“Yugoslav Black Wave” is a term that defines a number of films in former Yugoslavia ranging from the period of the late sixties to the early seventies. Even though there was never an official manifesto of the movement, there are, undeniably, common characteristics in both form and content that bond the films of notable Yugoslav directors of the time, such as Dusan Makavejev, Zivojin Pavlovic, Zelimir Zilnik, Sasha Petrovic and others.
It came as a reaction to the series of Partisan films that glorified the revolutionary struggle during The Second World War. The characters were often just an instrument of propaganda. This caused a wave of darker, grittier and more pessimistic films in which the directors expressed interest in dealing with the psychopathology of the human soul, as well as the repressive political apparatus that tried to deny individual freedom labeling it as “anti-collective”.
This led to a re-interpretation of the past in a more naturalistic style and the analysis of the present with an uncompromising critique of the society. The result was the banning and censorship of some of the most extreme films of the period, and voluntary exile of the leading figures in the movement.
It is important to note that the intention of these films wasn’t a call for a real political revolution, but rather a critique of the Socialist Federal Republic of Yugoslavia in the hopes of realizing a more productive society, one that practices an improved and humane form of socialism.
In artistic sense the influence came from the New Wave, Cinema Verite and Auteur cinema that began to flourish in France, and then, epidemically took over the minds of artists all over Europe (with a significant echo in the American film). Also, movements such as Italian neorealism and the so called Czech Dark Wave had a great role in forming the poetic stands of the Black Wave cinema.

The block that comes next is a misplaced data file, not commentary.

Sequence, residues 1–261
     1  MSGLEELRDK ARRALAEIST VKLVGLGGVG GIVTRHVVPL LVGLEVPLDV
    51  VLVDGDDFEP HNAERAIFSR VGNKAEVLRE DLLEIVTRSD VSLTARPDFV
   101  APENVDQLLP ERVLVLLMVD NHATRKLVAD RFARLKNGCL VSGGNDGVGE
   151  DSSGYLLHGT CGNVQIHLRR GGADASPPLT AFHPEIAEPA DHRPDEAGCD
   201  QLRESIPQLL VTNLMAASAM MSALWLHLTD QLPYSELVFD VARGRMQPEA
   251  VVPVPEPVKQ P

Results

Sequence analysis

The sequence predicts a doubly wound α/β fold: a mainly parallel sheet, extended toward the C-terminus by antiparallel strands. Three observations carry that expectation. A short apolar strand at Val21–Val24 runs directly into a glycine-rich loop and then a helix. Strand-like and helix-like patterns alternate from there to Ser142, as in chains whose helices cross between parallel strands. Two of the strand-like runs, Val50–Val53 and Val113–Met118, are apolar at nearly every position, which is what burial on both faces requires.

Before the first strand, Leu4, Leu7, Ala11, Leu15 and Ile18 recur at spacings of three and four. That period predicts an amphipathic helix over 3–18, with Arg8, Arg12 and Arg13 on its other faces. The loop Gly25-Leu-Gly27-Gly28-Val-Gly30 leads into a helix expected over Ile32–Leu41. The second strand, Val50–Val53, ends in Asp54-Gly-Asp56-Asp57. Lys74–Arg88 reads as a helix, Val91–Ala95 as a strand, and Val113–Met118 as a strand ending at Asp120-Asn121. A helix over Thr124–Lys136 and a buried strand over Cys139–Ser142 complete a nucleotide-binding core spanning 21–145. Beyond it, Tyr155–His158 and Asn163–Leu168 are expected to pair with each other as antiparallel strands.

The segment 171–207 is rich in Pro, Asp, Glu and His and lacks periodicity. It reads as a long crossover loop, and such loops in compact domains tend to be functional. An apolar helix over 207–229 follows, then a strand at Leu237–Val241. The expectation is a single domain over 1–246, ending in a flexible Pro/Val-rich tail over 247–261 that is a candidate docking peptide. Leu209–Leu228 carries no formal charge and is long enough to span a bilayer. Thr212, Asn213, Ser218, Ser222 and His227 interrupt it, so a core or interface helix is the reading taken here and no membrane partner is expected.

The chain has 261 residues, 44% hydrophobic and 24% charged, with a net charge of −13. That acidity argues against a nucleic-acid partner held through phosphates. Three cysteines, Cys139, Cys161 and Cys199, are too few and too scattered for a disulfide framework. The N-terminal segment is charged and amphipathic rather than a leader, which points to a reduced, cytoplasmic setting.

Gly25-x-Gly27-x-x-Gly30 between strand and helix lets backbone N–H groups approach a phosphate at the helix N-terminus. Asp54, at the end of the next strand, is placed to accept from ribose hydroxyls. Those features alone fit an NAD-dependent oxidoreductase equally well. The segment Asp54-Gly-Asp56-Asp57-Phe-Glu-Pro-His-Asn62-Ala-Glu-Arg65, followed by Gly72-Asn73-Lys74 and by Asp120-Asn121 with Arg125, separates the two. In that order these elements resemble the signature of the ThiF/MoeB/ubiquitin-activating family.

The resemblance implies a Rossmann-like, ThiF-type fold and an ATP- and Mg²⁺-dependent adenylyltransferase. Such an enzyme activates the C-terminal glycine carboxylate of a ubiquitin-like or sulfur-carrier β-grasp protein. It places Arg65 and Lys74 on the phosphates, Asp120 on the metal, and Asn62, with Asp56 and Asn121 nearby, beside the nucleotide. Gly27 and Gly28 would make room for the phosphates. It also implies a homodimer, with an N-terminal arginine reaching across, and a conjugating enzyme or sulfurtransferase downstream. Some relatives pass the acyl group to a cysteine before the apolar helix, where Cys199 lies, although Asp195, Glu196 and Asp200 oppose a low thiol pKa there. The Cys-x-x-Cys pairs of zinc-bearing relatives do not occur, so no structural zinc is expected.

Given the certain amount of artistic freedom in a country that had officially adopted the Leninist doctrine that promoted film as the most important of all arts, the filmmakers of the Black Wave managed to produce a number of critically acclaimed movies that used an innovative and experimental approach.
15. Kolt 15 GAP (1971)
A short documentary/fiction hybrid titled under the acronym which states: “Gathering remains, licking plates, for fifteen years, actively and passively”, directed by Jovan Jovanovic and Miodrag Milosevic .
The film exhibits the anarchic style and absurdist humor through a semi-documentary portrait of a self-proclaimed Marxist fanatic and his comedic views on society, though there are moments when the film adheres to a strong representation of reality that attempts to probe various nuances of life in Belgrade, the capital city of today’s Serbia, and the former capital of Yugoslavia.
14. Young And Healthy As A Rose (1971)
The first feature-length film by the already mentioned Jovan Jovanovic. The director further utilizes his use of anarchy and chaos, creating one of the most notorious protagonist in Yugoslav film history.
Steve (played by Dragan Nikolic, who became a sex-symbol in Yugoslavia, thanks to his sometimes naive, but always charming portrayals of womanizers, gangsters and thugs) is a petty criminal with no sense of conscious who elevates himself through criminal underground, quickly becoming a revolutionary/gangster and occupying a famous Belgrade hotel named Yugoslavia with his horde of junkies, harlots and other strayed youths.
Here he enacts in a huge orgy which visually is as intense as some of the scenes from Pasolini’s Salo, or the 120 Days of Sodom, until he is finally gunned down by the police besieging the hotel.
His cult sentence “I am your future” gives a chilling and haunting feel to this already grotesque vision of the raging youth conflicting every form of authority. It was banned after its premiere, and rehabilitated in 2006.
13. Kaya, I Will Kill You (1967)
Directed by Vatroslav Mimica, the film examines an episode from the Second World War in a small idyllic seaside village in Croatia. The beginning of the war brings unrest to the village, and turns former friends into foes. Pierrot joins the fascist collaborators, and starts to pick on the goodhearted store owner Kaya, who is secretly helping the resistance.